Read More »

Sunday, September 22, 2019

Genotype to phenotype: Diet-by-mitochondrial DNA haplotype interactions drive metabolic flexibility and organismal fitness.

Diet may be modified seasonally or by biogeographic, demographic or cultural shifts. It can differentially influence mitochondrial bioenergetics, retrograde signalling to the nuclear genome, and anterograde signalling to mitochondria. All these interactions have the potential to alter the frequencies of mtDNA haplotypes (mitotypes) in nature and may impact human health. In a model laboratory system, we fed four diets varying in Protein: Carbohydrate (P:C) ratio (1:2, 1:4, 1:8 and 1:16 P:C) to four homoplasmic Drosophila melanogaster mitotypes (nuclear genome standardised) and assayed their frequency in population cages. When fed a high protein 1:2 P:C diet, the frequency of flies harbouring…

Read More »

Friday, July 19, 2019

Analysis of the Campylobacter jejuni genome by SMRT DNA Sequencing identifies restriction-modification motifs.

Campylobacter jejuni is a leading bacterial cause of human gastroenteritis. The goal of this study was to analyze the C. jejuni F38011 strain, recovered from an individual with severe enteritis, at a genomic and proteomic level to gain insight into microbial processes. The C. jejuni F38011 genome is comprised of 1,691,939 bp, with a mol.% (G+C) content of 30.5%. PacBio sequencing coupled with REBASE analysis was used to predict C. jejuni F38011 genomic sites and enzymes that may be involved in DNA restriction-modification. A total of five putative methylation motifs were identified as well as the C. jejuni enzymes that…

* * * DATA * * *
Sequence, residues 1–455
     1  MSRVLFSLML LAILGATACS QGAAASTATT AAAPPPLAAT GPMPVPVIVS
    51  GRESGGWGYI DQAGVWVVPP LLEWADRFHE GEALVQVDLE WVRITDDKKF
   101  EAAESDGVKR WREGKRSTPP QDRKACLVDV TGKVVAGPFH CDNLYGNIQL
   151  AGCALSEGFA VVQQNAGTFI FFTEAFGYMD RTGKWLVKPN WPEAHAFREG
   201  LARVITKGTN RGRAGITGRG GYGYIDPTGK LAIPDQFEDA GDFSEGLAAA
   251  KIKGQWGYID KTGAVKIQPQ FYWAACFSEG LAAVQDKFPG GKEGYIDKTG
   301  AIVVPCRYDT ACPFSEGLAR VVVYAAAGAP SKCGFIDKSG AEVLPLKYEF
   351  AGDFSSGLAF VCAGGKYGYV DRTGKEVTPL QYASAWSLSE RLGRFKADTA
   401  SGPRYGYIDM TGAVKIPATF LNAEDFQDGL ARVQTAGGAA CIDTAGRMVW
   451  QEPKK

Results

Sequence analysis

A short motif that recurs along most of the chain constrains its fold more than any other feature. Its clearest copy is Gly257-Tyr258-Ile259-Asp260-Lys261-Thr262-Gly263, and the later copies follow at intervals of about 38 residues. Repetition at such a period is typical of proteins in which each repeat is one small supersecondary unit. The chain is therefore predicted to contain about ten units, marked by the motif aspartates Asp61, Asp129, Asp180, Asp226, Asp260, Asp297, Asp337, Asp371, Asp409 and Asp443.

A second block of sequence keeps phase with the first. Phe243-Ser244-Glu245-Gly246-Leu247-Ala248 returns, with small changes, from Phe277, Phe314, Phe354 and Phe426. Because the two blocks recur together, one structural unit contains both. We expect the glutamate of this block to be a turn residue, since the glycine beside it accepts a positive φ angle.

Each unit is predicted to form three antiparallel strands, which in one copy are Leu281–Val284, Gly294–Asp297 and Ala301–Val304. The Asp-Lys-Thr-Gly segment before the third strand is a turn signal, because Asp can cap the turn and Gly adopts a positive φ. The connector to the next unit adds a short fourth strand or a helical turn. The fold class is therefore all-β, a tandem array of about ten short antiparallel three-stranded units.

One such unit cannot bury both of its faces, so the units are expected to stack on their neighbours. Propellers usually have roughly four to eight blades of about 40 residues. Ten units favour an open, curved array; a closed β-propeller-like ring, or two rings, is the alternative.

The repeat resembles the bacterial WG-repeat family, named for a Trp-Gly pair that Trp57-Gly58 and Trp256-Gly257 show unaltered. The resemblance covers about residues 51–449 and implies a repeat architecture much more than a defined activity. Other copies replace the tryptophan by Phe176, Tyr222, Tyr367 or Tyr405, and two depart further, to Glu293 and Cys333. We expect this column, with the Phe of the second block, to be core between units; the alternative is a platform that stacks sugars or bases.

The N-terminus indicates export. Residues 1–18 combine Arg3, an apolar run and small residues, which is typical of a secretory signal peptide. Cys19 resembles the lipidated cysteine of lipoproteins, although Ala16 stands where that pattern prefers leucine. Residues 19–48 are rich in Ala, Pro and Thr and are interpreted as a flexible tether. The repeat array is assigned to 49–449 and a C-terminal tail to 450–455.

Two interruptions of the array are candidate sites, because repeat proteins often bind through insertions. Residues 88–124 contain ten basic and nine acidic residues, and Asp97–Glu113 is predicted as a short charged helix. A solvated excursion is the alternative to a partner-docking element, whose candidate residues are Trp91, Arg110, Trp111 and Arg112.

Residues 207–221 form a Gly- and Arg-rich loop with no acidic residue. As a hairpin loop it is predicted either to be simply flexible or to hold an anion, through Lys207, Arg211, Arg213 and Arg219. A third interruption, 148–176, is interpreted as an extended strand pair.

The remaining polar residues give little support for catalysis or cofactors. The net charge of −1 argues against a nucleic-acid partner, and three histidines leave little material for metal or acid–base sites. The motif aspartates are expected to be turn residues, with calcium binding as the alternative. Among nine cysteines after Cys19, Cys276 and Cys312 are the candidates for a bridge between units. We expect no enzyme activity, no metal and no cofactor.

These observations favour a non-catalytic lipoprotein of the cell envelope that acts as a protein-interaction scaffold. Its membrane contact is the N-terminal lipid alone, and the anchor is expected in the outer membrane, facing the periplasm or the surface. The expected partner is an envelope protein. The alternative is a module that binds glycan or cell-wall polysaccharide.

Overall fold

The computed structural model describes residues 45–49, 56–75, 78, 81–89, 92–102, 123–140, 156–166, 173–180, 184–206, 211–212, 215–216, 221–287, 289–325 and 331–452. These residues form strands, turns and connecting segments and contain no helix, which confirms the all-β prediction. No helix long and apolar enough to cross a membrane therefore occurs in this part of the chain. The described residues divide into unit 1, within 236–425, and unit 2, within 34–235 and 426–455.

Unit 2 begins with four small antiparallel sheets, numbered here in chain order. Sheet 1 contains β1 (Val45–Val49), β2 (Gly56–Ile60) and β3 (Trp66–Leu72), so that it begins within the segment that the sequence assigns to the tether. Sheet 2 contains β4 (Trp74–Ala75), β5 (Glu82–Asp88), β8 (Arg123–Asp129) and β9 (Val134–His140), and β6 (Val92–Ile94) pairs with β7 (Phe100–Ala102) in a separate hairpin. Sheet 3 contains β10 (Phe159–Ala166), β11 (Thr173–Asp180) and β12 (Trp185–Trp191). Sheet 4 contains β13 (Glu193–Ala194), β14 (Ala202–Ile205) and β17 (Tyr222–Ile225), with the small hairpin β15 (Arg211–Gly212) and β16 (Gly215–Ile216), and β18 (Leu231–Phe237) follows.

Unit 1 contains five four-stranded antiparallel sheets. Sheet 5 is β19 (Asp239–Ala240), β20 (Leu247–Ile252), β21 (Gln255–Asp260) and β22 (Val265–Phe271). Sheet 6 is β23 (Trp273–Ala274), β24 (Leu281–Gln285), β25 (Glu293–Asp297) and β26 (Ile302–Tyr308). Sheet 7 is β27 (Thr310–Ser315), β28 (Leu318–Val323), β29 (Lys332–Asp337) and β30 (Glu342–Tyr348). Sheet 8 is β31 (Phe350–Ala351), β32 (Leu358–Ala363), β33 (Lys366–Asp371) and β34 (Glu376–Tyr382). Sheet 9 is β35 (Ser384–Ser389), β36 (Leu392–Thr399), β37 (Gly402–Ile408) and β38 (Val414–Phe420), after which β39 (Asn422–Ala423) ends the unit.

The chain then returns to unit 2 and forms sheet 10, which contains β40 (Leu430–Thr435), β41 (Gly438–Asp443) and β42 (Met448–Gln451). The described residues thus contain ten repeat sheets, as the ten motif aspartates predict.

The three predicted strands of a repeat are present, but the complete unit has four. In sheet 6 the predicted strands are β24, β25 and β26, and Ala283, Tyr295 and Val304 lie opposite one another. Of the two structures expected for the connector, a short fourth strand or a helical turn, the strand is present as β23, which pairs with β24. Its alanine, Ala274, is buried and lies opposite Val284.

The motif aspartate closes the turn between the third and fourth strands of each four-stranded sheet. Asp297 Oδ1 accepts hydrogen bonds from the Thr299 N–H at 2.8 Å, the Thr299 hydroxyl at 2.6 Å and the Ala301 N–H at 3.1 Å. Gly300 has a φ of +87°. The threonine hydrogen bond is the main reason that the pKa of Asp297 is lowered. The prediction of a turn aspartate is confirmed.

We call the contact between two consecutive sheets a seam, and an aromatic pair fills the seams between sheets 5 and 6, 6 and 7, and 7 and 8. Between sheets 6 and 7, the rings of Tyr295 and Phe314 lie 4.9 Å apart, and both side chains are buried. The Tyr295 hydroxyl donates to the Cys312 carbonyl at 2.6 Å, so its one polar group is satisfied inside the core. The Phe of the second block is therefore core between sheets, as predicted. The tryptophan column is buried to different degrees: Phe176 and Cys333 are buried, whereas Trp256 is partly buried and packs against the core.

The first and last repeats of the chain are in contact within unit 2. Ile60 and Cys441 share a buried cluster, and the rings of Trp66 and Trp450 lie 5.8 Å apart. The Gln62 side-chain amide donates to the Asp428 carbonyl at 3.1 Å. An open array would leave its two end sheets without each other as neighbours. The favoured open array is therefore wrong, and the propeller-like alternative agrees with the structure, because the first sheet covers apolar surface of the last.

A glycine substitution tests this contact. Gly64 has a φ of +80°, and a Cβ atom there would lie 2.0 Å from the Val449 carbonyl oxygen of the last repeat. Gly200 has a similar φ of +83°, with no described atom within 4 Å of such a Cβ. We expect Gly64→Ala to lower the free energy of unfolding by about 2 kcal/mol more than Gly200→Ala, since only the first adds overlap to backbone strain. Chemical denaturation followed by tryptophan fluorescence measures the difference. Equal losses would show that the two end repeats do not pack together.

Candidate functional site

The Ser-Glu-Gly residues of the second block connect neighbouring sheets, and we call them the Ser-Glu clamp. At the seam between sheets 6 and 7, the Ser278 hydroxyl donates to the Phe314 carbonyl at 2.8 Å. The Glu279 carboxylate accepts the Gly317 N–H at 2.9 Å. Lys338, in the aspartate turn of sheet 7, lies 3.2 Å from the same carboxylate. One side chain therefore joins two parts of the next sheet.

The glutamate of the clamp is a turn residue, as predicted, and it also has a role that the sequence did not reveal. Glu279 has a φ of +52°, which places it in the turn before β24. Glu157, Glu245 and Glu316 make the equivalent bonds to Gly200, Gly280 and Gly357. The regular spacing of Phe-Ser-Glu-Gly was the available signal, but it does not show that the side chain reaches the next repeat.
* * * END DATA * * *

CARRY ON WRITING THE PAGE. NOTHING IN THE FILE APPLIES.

Read More »

Sunday, July 7, 2019

Genomes of ‘Candidatus Liberibacter solanacearum’ Haplotype A from New Zealand and the United States Suggest Significant Genome Plasticity in the Species.

‘Candidatus Liberibacter solanacearum’ contains two solanaceous crop-infecting haplotypes, A and B. Two haplotype A draft genomes were assembled and compared with ZC1 (haplotype B), revealing inversion and relocation genomic rearrangements, numerous single-nucleotide polymorphisms, and differences in phage-related regions. Differences in prophage location and sequence were seen both within and between haplotype comparisons. OrthoMCL and BLAST analyses identified 46 putative coding sequences present in haplotype A that were not present in haplotype B. Thirty-eight of these loci were not found in sequences from other Liberibacter spp. Quantitative polymerase chain reaction (qPCR) assays designed to amplify sequences from 15 of these loci…

Read More »

1 2 3 4

Subscribe for blog updates:

Archives